Killing a Legend

"The Highwaymen" takes aim at the wrongheaded heroizing of Bonnie and Clyde.

It probably shouldn’t be surprising that mainstream reviews of The Highwaymenhave been tepid, given how hard it pushes back against a film Hollywood has long hailed as one of its greatest works. And there’s no question it indicts the media for heroizing the wrong people. But that would be just another us vs. them movie, and The Highwaymen is smarter than that.

 

At the 2017 Academy Awards a little over two years ago, Warren Beatty and Faye Dunaway presented the biggest prize of the evening, the award for best picture. It was the first time the two actors had taken the Oscar stage together, and the pairing was meant to evoke the glamor, beauty, and all-around cool the filmmaking industry associates with their revered 1967 classic, Bonnie and Clyde. It was also exactly the image and impulse director John Lee Hancock’s latest film, The Highwaymen, takes issue with.

Hancock is a professing Christian, and the movies he’s best known for align with the sort of family-friendly entertainment most believers probably think filmmakers of faith should be making. The Blind Side, The Rookie, and Saving Mr. Banks—all are rated G to PG-13, and all have accessible, feel-good themes.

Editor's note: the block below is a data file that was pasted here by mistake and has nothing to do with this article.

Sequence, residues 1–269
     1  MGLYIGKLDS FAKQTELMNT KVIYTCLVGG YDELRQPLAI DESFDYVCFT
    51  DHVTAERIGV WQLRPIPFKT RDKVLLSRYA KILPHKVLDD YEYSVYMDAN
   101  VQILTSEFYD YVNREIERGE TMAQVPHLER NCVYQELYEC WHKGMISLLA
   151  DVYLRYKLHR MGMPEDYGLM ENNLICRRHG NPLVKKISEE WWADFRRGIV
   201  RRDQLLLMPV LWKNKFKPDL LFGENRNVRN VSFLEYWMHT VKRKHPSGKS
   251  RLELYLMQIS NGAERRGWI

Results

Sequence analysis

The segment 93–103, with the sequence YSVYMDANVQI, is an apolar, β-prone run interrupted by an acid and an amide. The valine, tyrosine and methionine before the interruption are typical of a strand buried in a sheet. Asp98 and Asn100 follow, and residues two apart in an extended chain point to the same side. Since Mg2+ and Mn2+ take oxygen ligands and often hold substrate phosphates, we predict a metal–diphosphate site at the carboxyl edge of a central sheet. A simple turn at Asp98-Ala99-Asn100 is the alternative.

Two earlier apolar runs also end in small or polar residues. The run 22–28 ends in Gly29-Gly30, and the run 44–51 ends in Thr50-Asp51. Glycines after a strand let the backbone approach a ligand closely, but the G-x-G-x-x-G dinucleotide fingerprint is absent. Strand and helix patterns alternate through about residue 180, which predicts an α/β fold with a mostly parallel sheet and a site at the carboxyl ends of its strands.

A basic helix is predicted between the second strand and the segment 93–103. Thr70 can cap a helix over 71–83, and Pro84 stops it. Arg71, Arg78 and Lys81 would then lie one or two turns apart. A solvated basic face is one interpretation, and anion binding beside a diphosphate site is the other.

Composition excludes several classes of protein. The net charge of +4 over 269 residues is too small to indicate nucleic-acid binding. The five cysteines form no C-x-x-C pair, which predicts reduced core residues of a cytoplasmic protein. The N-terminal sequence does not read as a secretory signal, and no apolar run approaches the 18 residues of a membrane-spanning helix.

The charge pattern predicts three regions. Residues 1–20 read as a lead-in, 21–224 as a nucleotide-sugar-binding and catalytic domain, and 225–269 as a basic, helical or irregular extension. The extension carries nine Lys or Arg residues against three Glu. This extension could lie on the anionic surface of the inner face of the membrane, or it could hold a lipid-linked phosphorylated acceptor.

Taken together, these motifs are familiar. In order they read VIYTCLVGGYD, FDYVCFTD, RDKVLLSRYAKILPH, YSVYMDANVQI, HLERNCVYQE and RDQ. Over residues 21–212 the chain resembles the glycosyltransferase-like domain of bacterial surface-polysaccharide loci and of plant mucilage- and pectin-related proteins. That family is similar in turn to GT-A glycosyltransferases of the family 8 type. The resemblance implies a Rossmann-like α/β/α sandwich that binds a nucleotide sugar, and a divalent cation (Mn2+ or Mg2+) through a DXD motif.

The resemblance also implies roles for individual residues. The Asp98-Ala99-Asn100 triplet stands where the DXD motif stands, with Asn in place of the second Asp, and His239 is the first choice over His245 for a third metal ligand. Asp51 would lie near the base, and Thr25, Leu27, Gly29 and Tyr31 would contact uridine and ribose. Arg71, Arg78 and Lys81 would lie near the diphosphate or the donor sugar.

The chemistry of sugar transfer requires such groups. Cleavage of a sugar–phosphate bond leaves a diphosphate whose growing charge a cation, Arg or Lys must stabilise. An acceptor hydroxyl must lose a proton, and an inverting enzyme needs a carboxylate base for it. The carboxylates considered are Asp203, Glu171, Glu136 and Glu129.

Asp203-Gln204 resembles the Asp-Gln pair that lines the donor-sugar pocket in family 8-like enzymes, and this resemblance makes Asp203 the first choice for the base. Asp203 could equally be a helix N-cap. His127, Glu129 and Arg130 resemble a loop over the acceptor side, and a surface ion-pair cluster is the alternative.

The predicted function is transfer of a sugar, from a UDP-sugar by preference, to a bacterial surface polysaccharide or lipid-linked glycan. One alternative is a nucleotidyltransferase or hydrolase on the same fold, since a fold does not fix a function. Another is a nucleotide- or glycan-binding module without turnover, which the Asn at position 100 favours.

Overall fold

The Highwaymen, now available on Netflix, is different. To start with, it’s rated R for language and a final scene of fairly graphic (though I would argue appropriate) violence. Yet while the profanity is frequent and sometimes unnecessary even for authenticity’s sake, The Highwaymen may be Hancock’s most Biblically grounded film yet. It takes on not just the Depression-era criminal spree of Bonnie Parker and Clyde Barrow, but the myth of nobility Hollywood has built around countless criminals.

From the first scenes, Hancock turns both barrels on the so-called legend of Bonnie and Clyde. “Some folks are saying Parker and Barrow are heroes, calling them Robin Hoods,” a reporter calls out to Texas Gov. Miriam “Ma” Ferguson (a characteristically plucky Kathy Bates). Ma fires back, “Did Robin Hood ever shoot a gas station attendant point-blank in the head for four dollars and a tank of gas?”

Since J. Edgar Hoover’s newfangled investigation methods, such as wiretapping, are proving no help in tracking down the killers, Ma turns for help to two retired Texas Rangers. The Rangers, Frank Hamer and Maney Gault, are played with steely efficiency and great chemistry by Kevin Costner and Woody Harrelson.

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